Books were written and testimonials given about the use of steroids in baseball and Selig did nothing. Sosa hit 65 home runs in 2000 and 64 in 2001. Barry Bonds hit 73 home runs in 2001 to easily eclipse every home run record in baseball history. Still, Selig did not address the questions, on the Major League level, that every television viewing, radio listening sports fan was asking. Are steroids being used? Who is using them? Why isn’t MLB doing anything to address these obvious questions?

The year following Bond’s 73 home runs, 2002, Ken Caminiti openly admitted that he used steroids during the 1996 season when he won the National League’s Most Valuable Player Award. In response, Selig stated that he had been concerned about steroid use for a couple of years. He stated his concerned, but again there was no concrete action on his part to address the issue.

It finally took concerned representatives of the Major League Baseball Players Association to put a steroid testing policy on the table. Players were so concerned about the obvious public outcry that they felt they had to act to preserve the reputation of the game they loved. On August 7, 2002, the players took on the responsibility; Bud Selig did not.

Since then much negotiating has taken place between the Player’s Association and Selig. Selig has managed to build upon the MLBPA steroid testing proposal making it appear that he has championed the cause from the beginning. In reality, public and Congressional pressure forced both the Player’s Association and Selig to act. Unfortunately, it was and is too little, too late.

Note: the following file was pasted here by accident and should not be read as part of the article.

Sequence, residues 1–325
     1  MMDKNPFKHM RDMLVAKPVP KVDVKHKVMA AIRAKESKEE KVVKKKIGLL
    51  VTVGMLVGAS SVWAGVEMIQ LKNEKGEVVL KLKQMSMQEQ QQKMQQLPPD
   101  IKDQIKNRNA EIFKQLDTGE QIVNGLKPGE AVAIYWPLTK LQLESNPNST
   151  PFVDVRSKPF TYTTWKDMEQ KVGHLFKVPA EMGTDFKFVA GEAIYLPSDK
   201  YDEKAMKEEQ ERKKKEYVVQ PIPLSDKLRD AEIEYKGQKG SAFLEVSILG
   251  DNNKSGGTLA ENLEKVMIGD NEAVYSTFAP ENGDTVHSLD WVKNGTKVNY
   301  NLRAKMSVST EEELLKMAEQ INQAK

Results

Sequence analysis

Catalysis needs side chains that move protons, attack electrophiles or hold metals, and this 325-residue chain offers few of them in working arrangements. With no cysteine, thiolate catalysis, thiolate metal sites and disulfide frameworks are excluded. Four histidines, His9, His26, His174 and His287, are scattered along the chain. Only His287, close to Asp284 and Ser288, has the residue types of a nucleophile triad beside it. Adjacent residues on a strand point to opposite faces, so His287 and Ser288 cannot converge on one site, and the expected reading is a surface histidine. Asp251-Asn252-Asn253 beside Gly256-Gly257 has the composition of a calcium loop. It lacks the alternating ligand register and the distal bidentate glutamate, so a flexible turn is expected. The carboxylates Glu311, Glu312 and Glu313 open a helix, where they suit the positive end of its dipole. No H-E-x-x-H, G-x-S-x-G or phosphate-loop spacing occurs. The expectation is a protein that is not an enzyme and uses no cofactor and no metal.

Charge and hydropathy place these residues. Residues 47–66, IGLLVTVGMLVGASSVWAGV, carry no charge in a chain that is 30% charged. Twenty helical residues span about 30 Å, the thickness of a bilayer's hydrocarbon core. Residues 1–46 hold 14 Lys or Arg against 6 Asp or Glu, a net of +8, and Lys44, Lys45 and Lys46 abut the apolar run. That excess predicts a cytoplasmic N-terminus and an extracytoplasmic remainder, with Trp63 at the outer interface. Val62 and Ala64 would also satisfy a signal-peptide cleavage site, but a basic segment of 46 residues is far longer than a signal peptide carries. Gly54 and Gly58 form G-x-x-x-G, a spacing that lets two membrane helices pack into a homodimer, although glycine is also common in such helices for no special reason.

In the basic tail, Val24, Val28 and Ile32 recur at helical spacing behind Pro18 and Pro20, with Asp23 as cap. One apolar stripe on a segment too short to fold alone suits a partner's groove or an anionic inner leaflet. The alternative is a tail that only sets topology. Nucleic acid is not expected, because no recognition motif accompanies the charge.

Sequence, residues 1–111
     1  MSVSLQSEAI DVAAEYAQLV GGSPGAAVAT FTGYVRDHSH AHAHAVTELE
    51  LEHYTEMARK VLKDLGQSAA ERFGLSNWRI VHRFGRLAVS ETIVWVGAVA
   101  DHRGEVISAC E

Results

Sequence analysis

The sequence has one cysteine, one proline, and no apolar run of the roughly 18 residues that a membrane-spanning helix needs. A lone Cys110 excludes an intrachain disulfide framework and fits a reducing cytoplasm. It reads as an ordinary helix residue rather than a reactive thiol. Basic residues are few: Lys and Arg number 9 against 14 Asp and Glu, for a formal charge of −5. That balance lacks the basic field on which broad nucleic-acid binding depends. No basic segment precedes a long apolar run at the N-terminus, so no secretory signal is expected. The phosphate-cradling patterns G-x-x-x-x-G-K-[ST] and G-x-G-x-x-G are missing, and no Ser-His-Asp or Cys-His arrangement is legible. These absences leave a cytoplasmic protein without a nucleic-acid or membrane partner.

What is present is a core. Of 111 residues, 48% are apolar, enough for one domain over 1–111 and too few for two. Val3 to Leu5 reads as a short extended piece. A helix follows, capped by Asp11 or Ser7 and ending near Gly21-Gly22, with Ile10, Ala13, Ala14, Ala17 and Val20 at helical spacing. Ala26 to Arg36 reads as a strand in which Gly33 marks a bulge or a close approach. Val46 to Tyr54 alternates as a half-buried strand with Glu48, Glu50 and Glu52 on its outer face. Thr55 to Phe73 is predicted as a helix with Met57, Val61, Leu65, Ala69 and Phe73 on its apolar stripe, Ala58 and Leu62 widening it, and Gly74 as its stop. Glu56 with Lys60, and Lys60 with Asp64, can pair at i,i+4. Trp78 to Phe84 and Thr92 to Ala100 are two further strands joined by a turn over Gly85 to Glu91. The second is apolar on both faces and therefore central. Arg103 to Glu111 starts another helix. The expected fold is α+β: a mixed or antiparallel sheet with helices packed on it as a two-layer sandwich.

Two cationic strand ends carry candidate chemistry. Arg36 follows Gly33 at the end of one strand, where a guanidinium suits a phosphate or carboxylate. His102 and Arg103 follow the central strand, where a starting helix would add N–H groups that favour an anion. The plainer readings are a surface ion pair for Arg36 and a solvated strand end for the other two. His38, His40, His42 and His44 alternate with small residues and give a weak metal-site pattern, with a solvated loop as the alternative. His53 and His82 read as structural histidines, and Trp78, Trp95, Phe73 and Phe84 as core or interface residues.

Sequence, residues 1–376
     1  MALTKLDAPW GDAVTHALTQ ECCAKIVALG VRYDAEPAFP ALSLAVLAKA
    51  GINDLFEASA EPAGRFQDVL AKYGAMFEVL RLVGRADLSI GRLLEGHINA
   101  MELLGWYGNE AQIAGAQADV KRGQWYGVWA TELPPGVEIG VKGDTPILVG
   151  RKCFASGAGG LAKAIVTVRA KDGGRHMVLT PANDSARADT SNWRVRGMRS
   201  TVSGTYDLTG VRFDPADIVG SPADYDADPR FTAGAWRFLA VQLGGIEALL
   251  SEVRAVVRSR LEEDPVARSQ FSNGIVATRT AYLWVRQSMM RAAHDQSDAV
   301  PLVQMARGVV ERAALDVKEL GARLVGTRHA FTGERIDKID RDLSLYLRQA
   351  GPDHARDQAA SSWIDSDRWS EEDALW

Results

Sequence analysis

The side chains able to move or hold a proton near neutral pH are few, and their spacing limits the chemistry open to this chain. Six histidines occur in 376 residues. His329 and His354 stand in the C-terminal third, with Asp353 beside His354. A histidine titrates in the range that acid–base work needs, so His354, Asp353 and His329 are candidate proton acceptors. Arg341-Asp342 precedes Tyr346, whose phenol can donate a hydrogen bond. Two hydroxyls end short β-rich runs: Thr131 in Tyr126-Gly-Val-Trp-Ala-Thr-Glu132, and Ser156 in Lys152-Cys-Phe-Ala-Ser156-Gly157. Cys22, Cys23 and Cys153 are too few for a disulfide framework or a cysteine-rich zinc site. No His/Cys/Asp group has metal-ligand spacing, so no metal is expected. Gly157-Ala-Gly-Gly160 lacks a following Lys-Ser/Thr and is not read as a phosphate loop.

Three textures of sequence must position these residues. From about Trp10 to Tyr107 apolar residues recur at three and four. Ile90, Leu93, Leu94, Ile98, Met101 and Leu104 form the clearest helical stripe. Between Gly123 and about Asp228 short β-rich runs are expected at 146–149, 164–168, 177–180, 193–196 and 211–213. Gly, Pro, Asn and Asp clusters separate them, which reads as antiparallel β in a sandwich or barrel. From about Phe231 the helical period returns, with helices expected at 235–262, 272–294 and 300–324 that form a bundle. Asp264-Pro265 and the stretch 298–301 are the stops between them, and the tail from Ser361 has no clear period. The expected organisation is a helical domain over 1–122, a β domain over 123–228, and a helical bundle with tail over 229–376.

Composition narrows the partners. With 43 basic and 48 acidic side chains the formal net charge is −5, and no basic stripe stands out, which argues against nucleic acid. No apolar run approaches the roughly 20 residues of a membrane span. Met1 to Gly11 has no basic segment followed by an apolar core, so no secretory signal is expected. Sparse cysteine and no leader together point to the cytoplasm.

The integrity of baseball is in serious question. The last two home run records are owned by two ‘Steroid Era’ players, McGwire, who was caught with a tube of Andro in his locker and Bonds, who many suspect of steroid use. Many fans feel an asterisk should be placed next to their record book entries. Currently, Barry Bonds is 22 home runs away from breaking one of greatest records in baseball history, Most Career Home Runs. Many fans are confused as to whether they should celebrate or turn their backs on the event. It’s a pretty pathetic state of affairs when you consider that one of the greatest achievements in the history of baseball, breaking the Career Home Run Record, is potentially the game’s greatest tragedy.

The individual responsible for this tragedy and deterioration of baseball’s integrity is Bud Selig.

Bud Selig has single-handedly allowed the decency and fairness of baseball to deteriorate in favor of greater revenue for the Owners and a relaxed level of accountability by the Player’s Association. The Owners and the players are happy. They are handling more money than they probably ever imagined while the integrity of the game sits in the cellar.

Baseball still needs a true Commissioner to fill the vacancy created when Vincent resigned in 1992. That individual needs to regain the character, morals and truthfulness that baseball has lost since the appointment of Alan ‘Bud’ Selig. Only then will the new Commissioner be able to exercise the primary purpose of his office. Baseball will be better served if a new Commissioner starts his/her new job immediately.

Allan Doherty maintains